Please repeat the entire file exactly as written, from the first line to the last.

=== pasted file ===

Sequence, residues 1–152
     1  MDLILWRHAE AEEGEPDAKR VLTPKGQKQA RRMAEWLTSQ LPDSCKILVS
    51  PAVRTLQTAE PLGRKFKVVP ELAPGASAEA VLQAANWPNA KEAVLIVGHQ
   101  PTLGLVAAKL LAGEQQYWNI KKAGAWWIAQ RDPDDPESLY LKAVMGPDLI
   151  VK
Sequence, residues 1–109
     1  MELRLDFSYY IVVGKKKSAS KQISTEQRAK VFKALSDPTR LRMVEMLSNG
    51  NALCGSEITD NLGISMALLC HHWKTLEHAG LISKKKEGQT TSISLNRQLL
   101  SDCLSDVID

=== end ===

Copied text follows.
Sequence, residues 1–152
     1  MDLILWRHAE AEEGEPDAKR VLTPKGQKQA RRMAEWLTSQ LPDSCKILVS
    51  PAVRTLQTAE PLGRKFKVVP ELAPGASAEA VLQAANWPNA KEAVLIVGHQ
   101  PTLGLVAAKL LAGEQQYWNI KKAGAWWIAQ RDPDDPESLY LKAVMGPDLI
   151  VK
Sequence, residues 1–109
     1  MELRLDFSYY IVVGKKKSAS KQISTEQRAK VFKALSDPTR LRMVEMLSNG
    51  NALCGSEITD NLGISMALLC HHWKTLEHAG LISKKKEGQT TSISLNRQLL
   101  SDCLSDVID